“Chefs are looking at more mid- to high-range versions, catering to the nouveau riche,” he says.

Crystyl Mo, a Shanghai-based food writer and correspondent for Travel + Leisure magazine, calls the index “an interesting way to assess the quintessential Shanghai food.”

“I don’t know if the most delicious xiao long bao wins; maybe it’s the most technically perfect one,” she says. “But people always love talking about xiao long bao, and this keeps the conversation going.”

St. Cavish freely admits that on one hand, the index is a “ridiculous project.”

“It’s a funny experiment; I don’t want people to take it too seriously,” he says, sitting in a booth at Zun Ke Lai, his measuring paraphernalia and three baskets of dumplings in front of him. “I’m not implying that people should only cook by scales or measurements … of course the human factor is very important.”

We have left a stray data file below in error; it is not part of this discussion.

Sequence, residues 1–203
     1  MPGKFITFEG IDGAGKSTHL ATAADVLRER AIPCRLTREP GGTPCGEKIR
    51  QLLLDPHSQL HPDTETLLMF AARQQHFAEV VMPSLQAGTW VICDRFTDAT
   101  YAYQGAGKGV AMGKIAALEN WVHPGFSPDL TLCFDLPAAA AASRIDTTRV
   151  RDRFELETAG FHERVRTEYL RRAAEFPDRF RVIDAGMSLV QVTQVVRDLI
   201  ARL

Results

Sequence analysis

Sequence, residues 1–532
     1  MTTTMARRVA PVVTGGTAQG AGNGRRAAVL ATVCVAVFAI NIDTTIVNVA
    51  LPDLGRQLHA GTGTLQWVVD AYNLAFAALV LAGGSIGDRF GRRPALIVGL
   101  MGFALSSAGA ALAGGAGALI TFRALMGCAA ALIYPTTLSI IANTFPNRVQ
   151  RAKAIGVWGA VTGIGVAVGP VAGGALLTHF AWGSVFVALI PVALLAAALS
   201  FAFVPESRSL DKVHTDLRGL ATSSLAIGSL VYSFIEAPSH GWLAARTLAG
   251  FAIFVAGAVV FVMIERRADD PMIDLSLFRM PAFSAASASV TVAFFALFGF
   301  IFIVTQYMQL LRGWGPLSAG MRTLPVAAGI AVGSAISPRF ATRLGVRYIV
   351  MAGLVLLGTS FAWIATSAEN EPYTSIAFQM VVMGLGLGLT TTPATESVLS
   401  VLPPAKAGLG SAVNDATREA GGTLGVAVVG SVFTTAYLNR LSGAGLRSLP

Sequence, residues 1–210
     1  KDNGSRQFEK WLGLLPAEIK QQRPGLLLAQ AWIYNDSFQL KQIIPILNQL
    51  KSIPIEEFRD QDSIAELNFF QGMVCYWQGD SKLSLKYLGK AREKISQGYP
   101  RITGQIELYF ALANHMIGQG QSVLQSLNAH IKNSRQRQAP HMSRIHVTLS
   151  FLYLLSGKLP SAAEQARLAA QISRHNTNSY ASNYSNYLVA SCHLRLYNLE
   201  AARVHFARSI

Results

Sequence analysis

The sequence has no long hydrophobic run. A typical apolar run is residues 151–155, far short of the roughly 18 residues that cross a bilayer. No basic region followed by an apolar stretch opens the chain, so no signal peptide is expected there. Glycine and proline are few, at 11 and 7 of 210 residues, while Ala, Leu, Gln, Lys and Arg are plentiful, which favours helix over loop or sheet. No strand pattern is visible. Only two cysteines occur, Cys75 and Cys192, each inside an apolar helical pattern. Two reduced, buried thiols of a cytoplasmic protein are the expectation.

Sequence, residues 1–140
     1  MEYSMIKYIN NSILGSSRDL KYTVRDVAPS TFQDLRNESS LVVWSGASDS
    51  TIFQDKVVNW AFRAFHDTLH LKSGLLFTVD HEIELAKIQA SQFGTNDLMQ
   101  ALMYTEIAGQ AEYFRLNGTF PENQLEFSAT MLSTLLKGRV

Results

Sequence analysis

But at the same time, he says, the index gives restaurant-goers — and himself — a way to think more deeply and talk more precisely about the architecture behind what makes a food satisfying or even delicious.

“As a food writer, your responsibility is to explain why you like or don’t like something,” he says. “I’m not sure if xiao long bao has benefited from this analysis, but I’ve benefited.”

Tommy Yang and Nicole Liu of The Times’ Beijing bureau contributed to this report.